Where were you on February 5, 2013, when one of the world’s largest pulp and paper companies committed to end deforestation? It is a time that we at Greenpeace will never forget.
We had spent nearly 3 years campaigning against Asia Pulp and Paper (APP), and with the help of Greenpeace supporters, we had already gotten major companies like Mattel and KFC to stop buying the rainforest destroyer’s paper.
Finally, one year ago, APP pledged to turn over a new leaf. A lot has happened since then, and we’ve learned so much.
Nine months after APP’s zero Forest Conservation Policy (FCP), we announced the company was making good progress in implementation, and we were satisfied with the strength of the commitment shown by its senior staff. Predictably it hasn’t all been smooth sailing, and there are still further actions APP can pursue to strengthen its delivery.
Now one year later, we can reflect back on the historic year for Indonesia’s rainforests. Here are the top 9 conclusions of the year.
- Protecting forests, peatlands, and the rights of local and indigenous communities does not have an end date. Zero deforestation must be a permanent part of a company’s business model.
- Even for companies whose entire model of business is predicated on the use of natural resources, it is possible to protect this planet’s natural resources for future generations. We could protect so much rainforest today, if only there were the willpower and motivation to do it.
- Other companies need to join APP and set a zero deforestation goal. There are so many opportunities and obstacles, most of which will not be realized or resolved by the commitments of just one company, no matter how commendable they are.
- APP’s largest rival in Indonesia, Asia Pacific Resources International (APRIL) illustrates points #2 and #3 perfectly. APRIL refuses to follow APP’s lead in putting an immediate moratorium on further rainforest clearance. APRIL is now the largest driver of deforestation in Indonesia’s pulp and paper industry. Between 2009-2011, the company was responsible for a sixth of all forested tiger habitat loss, including the destruction of areas of primary forest and deep peatland.
- Overlapping licenses, where more than one natural resource company is permitted to exploit the same plot of land, makes preservation very difficult. Why would any one company choose to protect an area if another company could legally come in and destroy it for its own gain? The Indonesian government needs to work to eliminate this conflict. Greenpeace will continue to work toward a policy solution on this issue in Indonesia.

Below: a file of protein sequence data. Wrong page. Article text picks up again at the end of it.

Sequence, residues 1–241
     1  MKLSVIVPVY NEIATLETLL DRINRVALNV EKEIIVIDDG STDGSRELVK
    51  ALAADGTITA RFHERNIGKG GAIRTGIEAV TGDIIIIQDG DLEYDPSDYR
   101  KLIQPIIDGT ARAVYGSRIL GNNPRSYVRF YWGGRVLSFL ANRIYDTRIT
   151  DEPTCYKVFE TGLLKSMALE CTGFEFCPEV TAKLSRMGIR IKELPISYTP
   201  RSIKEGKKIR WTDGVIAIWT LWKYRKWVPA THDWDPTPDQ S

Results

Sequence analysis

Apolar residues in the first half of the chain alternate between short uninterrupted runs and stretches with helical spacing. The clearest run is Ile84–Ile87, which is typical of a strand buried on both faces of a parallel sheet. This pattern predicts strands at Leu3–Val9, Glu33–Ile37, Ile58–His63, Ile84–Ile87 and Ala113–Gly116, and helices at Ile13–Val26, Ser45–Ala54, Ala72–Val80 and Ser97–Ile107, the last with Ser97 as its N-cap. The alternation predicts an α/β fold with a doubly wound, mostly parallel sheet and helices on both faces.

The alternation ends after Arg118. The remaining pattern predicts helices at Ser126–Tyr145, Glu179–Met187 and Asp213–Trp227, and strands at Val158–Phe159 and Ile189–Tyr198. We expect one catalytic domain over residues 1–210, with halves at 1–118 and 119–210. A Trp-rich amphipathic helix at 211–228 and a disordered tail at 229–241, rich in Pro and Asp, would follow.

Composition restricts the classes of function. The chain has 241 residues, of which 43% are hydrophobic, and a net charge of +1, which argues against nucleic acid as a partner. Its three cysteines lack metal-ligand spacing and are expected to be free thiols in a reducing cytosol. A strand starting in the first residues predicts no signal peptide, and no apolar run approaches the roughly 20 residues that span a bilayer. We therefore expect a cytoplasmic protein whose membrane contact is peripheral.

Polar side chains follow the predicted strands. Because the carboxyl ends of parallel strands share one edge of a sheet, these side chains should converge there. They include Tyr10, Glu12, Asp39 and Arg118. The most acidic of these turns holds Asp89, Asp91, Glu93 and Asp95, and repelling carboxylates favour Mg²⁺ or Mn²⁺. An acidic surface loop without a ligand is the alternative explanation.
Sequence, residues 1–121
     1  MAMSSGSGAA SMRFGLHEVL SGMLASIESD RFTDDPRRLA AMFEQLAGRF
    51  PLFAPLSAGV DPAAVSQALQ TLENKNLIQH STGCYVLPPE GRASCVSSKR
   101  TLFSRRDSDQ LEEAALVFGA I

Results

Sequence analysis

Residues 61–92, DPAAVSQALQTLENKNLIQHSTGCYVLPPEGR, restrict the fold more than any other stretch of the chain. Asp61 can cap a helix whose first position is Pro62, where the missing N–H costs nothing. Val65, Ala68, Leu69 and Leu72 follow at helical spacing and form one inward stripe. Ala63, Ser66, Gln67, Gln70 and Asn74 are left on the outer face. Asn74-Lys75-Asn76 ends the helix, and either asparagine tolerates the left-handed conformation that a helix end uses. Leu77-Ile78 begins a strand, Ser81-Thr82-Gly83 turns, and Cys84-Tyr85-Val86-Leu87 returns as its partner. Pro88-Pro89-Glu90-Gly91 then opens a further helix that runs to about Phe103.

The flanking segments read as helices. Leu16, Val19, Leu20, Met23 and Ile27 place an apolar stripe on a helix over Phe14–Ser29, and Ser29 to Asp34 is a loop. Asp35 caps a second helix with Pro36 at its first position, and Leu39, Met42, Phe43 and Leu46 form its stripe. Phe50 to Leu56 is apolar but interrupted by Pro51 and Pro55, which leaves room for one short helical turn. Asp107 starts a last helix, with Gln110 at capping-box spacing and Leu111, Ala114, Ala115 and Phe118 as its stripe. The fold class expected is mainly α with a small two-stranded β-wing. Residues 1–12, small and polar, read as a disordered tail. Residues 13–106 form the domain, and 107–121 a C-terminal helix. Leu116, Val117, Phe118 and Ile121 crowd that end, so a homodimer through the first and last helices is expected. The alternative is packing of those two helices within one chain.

- It is not just pulp and paper companies that will determine the future of our planet. Other industries must embrace zero deforestation. On December 5, 2013, exactly 10 months after APP’s announcement, Wilmar International, the world’s largest player in the palm oil industry, established a zero deforestation, zero peatland, zero human exploitation policy. If it is properly implemented, it could transform the historically destructive palm oil industry.
- The Orangutan and Sumatran tiger need a lot more than for companies to do the right thing. Only about 400 Sumatran tigers exist in the wild. Their rainforest home is being steadily destroyed by APRIL, palm oil companies, and other extractive industries. Time is running out.
- Saving the rainforest is not just about orangutans and tigers. Indigenous people and local communities rely on the Indonesian rainforest for their livelihood. APP has a number of social conflicts to resolve, but it has put policies and procedures in place to tackle them. Conflict resolution will take time, patience and collaboration.
- Consumers have power. If you care about what is happening in our planet’s rainforests, then it is up to you to tell companies to listen. We have seen how consumer demand for zero deforestation paper helped drive APP to change one year ago. We are seeing how demand for zero deforestation palm oil is driving companies like Ferrero, Unilever, Nestle, Mondelez (formerly Kraft), L’Oreal, and Hershey to change their ways.
The first year of APP’s new way of doing business is a cause for optimism. But we can never stop learning and fighting for a day when the world’s rainforests are free from chainsaws and bulldozers. APP’s journey toward zero deforestation will help point the way there.